“An unforgettable story of female strength, hope and friendship. This collaborative work is magnificent—a true revelation!” —Pam Jenoff, New York Times bestselling author of The Woman with the Blue Star
“A brilliant story brimming with unexpected friendships and family ties. Historically sound and beautifully stitched, The Thread Collectors will stay with you long after the last page is turned.” —Sadeqa Johnson, international bestselling author of Yellow Wife
1863: In a small Creole cottage in New Orleans, an ingenious young Black woman named Stella embroiders intricate maps on repurposed cloth to help enslaved men flee and join the Union Army. Bound to a man who would kill her if he knew of her clandestine activities, Stella has to hide not only her efforts but her love for William, a Black soldier and a brilliant musician.
Meanwhile, in New York City, a Jewish woman stitches a quilt for her husband, who is stationed in Louisiana with the Union Army. Between abolitionist meetings, Lily rolls bandages and crafts quilts with her sewing circle for other soldiers, too, hoping for their safe return home. But when months go by without word from her husband, Lily resolves to make the perilous journey South to search for him.
As these two women risk everything for love and freedom during the brutal Civil War, their paths converge in New Orleans, where an unexpected encounter leads them to discover that even the most delicate threads have the capacity to save us. Loosely inspired by the authors’ family histories, this stunning novel will stay with readers for a long time.
You know how sometimes life just sneaks up on you and you lose track of something? That’s what’s happened with my review of The Thread Collectors. My deepest apologies! Because this book is far from forgettable. It’s an amazing testimony to what we’ll do for love and freedom.
The story unfolds from the perspectives of Stella, a Black slave whose love, William, has escaped from slavery, and Lily, a Jewish woman from New York whose husband, Jacob, has enlisted for the Union.
Stella was a slave, purchased by a white man as his mistress, to be used for his pleasure. She had very little to call her own. Lily was the daughter of a wealthy businessman in New York, with all the advantages the world had to offer. They seem as different as two people could possibly be. But Lily felt very strongly that slavery had to end, and she became involved with the abolitionist movement. These women’s lives and their fights for freedom intersected when the men who were important to them met up at a Union encampment in Louisiana.
Thread ties the lives of Stella and Lily together. Stella sewed a map to the Union camp for William before he left, using what cloth and thread she could come up with, both so that he’d have a guide as he fled his bondage and so that he’d have a piece of her to carry with him. She then continued to stitch maps for other slaves to find their way to freedom as well. Lily helped the war effort by rolling bandages and stitching quilts for the soldiers, with her first quilt made especially for Jacob, a tangible representation of her love for him.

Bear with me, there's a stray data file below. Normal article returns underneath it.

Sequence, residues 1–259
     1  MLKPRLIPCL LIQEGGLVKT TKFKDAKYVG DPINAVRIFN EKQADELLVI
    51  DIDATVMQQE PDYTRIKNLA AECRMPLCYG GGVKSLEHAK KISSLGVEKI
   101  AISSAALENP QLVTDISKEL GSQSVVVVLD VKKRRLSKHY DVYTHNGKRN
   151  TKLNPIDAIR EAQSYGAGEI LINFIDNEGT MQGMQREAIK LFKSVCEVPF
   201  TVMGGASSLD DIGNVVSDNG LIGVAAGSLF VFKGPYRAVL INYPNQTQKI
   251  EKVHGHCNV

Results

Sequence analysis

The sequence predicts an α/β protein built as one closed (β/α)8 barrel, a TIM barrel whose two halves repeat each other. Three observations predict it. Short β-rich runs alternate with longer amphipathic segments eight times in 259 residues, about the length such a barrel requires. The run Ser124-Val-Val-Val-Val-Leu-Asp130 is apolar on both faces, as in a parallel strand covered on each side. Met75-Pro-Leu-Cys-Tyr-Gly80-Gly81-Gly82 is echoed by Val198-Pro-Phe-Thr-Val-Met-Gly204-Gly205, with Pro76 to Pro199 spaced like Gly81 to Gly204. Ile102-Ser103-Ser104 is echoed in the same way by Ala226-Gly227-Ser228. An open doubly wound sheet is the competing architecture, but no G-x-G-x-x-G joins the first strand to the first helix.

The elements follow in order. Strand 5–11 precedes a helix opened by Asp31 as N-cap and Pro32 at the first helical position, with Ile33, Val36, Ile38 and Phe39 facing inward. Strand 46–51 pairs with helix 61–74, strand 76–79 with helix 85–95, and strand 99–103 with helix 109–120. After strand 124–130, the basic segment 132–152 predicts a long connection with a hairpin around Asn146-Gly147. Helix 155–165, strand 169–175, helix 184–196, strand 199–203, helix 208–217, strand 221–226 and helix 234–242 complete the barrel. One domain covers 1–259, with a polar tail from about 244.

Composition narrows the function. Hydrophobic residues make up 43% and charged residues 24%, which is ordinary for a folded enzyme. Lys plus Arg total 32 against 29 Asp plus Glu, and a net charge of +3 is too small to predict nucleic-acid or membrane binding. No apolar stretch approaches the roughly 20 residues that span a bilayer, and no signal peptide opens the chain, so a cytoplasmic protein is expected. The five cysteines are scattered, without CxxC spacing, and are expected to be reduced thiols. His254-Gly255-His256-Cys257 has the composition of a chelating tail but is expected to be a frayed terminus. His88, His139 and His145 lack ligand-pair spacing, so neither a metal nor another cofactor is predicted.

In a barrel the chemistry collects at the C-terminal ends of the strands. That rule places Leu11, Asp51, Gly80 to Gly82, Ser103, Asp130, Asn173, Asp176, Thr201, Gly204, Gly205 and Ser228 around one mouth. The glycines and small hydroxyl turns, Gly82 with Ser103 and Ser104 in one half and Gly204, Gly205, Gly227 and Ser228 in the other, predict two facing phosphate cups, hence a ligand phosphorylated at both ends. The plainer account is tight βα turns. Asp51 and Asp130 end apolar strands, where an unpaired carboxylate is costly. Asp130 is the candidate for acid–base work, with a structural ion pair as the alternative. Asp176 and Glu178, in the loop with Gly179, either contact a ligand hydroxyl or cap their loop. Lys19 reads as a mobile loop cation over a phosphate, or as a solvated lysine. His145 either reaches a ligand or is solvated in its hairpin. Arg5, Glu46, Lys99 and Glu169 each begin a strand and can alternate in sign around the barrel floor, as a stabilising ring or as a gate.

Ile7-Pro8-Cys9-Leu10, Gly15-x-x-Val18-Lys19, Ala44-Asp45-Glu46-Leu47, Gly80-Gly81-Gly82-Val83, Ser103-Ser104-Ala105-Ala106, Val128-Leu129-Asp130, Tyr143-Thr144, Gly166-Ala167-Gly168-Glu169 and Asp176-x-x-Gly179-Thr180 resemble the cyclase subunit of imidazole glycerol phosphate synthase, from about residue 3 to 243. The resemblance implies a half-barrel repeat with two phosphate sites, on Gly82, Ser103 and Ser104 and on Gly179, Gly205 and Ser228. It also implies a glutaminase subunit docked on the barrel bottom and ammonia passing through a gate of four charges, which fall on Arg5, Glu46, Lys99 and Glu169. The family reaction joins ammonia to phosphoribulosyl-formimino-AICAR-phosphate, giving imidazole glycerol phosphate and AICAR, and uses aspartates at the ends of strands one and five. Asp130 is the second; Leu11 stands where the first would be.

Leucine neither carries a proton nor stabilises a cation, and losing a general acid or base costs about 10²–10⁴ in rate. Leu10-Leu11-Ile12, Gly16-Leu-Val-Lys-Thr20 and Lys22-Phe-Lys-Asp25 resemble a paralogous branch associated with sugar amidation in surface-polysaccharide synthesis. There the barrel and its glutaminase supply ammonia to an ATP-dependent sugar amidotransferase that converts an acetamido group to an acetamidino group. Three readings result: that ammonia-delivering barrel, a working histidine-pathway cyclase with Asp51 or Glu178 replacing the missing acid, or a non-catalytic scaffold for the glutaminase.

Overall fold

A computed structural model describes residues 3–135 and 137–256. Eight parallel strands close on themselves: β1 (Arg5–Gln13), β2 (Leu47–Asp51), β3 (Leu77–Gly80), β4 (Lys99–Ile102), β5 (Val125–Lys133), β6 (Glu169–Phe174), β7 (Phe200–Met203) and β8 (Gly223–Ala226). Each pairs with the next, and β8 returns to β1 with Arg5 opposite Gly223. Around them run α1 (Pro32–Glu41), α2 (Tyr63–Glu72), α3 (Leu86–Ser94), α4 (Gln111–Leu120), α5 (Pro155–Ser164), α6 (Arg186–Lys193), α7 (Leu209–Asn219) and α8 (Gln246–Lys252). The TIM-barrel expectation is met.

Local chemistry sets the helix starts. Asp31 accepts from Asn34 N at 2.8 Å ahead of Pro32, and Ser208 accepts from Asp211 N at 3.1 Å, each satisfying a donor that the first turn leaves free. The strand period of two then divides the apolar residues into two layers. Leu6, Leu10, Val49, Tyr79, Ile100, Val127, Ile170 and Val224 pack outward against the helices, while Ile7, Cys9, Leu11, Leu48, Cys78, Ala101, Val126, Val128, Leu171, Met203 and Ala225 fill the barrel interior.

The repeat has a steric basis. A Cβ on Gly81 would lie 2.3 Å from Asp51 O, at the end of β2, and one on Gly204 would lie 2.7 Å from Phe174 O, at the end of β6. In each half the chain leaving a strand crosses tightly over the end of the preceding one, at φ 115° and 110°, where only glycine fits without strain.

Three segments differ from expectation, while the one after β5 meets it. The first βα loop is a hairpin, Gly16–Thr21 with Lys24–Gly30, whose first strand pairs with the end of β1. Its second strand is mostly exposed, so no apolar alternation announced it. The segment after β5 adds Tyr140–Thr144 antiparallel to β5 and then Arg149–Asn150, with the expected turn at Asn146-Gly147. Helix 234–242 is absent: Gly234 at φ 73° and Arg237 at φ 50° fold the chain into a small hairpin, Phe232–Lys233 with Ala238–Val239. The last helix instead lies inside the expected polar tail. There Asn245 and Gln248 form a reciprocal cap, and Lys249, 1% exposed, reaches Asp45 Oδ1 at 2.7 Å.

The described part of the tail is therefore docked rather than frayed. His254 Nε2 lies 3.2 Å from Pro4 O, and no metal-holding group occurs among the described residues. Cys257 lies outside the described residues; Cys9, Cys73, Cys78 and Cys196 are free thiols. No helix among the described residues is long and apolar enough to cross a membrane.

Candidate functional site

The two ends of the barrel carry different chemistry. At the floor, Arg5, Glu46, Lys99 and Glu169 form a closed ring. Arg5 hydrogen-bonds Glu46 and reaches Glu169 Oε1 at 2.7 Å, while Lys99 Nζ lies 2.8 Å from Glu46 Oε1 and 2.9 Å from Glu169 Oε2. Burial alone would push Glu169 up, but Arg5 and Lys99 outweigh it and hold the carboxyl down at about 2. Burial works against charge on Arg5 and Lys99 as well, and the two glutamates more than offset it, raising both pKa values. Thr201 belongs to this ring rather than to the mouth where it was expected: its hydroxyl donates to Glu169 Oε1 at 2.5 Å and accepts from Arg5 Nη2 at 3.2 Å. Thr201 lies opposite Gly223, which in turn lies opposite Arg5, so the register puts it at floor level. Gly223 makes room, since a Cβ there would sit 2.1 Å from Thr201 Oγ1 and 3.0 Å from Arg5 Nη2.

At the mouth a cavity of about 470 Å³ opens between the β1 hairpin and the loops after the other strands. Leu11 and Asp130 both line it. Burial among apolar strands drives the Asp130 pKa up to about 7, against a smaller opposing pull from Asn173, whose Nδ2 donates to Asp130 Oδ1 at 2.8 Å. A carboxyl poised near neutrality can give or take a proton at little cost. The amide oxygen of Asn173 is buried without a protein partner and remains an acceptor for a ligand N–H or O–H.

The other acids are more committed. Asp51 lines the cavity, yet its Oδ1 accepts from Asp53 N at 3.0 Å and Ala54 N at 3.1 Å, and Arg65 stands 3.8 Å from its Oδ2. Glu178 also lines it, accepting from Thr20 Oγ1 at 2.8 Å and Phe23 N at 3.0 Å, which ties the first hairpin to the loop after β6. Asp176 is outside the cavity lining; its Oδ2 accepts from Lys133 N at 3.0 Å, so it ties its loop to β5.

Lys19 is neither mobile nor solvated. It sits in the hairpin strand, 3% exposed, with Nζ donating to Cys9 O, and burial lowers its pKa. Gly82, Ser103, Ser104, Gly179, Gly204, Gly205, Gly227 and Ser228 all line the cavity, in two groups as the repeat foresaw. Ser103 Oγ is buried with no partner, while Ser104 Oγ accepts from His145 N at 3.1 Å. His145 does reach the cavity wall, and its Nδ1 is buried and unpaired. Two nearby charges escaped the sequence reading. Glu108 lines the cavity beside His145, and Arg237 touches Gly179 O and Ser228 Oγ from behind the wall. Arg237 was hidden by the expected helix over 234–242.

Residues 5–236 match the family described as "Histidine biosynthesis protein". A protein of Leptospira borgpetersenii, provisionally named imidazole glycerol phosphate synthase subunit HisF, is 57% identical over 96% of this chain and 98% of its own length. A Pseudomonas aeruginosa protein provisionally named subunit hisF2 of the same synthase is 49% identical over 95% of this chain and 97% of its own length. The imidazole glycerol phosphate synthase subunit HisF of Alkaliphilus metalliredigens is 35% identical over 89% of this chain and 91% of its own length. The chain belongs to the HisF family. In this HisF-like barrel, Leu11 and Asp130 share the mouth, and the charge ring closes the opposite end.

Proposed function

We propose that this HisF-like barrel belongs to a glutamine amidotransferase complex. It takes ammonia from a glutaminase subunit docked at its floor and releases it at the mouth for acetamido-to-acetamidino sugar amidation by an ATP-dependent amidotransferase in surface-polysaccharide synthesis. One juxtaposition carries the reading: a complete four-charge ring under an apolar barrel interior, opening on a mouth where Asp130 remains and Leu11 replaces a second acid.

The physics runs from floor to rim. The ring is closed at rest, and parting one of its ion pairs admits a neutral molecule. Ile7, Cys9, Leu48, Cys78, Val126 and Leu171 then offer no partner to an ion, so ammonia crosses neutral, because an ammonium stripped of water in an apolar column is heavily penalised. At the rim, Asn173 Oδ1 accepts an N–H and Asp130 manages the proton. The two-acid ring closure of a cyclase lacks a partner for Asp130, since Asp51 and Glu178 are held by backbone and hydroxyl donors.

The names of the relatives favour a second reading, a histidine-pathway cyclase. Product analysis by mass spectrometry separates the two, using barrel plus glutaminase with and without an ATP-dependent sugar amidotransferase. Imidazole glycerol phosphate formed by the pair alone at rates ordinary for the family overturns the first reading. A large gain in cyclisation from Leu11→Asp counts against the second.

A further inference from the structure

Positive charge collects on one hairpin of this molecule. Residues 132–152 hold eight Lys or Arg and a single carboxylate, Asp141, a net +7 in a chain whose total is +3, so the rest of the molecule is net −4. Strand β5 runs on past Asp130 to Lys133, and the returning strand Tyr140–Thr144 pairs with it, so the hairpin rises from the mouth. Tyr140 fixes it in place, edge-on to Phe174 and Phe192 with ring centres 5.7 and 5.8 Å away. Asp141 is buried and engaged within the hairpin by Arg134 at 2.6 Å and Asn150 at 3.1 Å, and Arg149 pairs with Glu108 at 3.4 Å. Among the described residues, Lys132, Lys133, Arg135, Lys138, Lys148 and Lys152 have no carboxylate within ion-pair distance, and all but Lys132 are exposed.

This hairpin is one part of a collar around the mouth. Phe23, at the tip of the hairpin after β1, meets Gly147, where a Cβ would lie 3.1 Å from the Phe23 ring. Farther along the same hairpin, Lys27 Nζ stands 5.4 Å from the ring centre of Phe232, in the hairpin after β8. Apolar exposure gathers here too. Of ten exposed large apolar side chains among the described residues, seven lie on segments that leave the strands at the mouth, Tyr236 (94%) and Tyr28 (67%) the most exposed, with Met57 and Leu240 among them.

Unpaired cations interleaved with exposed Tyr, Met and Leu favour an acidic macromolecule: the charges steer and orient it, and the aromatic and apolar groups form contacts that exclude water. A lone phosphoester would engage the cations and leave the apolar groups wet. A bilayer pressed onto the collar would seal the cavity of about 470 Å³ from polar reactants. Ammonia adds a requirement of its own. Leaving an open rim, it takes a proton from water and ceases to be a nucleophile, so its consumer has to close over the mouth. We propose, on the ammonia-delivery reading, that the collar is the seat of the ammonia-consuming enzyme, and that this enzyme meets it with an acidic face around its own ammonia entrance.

Likewise, music is a unifying force for William and Jacob. William is a good musician, and that earned him a little bit better treatment than many slaves received. His master always wanted him to perform. Jacob is also musically inclined, and when he realizes William’s talent, he does his best to ensure that William has a chance to put his skills to use in the military.
This book is simply amazing. The research the authors put into it is apparent, and the events they convey are often heartbreaking. It’s loosely based on their own family histories, and quite a compelling tale. And this book really stands out because its viewpoint is different. I’ve read a fair bit of historical fiction, and I can’t say that I recall reading another story told from Black and Jewish viewpoints. That made this a story that really caught my attention and didn’t let go.
If you want a story that’s well researched, well written, and emotionally gripping, set in the latter days of the Civil War, you’ll love The Thread Collectors.
About the authors:
SHAUNNA J. EDWARDS has a BA in literature from Harvard College and a JD from NYU School of Law. A former corporate lawyer, she now works in diversity, equity and inclusion. She is a native Louisianian, raised in New Orleans, and currently lives in Harlem with her husband. The Thread Collectors is her first novel. Find her on Instagram, @shaunnajedwards.
ALYSON RICHMAN is the USA Today and #1 international bestselling author of several historical novels, including The Velvet Hours, The Garden of Letters, and The Lost Wife, which is currently in development for a major motion picture. Alyson graduated from Wellesley College with a degree in art history and Japanese studies. She is an accomplished painter and her novels combine her deep love of art, historical research, and travel. Alyson’s novels have been published in twenty-five languages and have reached bestseller lists both in the United States and abroad. She lives on Long Island with her husband and two children, where she is currently at work on her next novel. Find her on Instagram, @alysonrichman.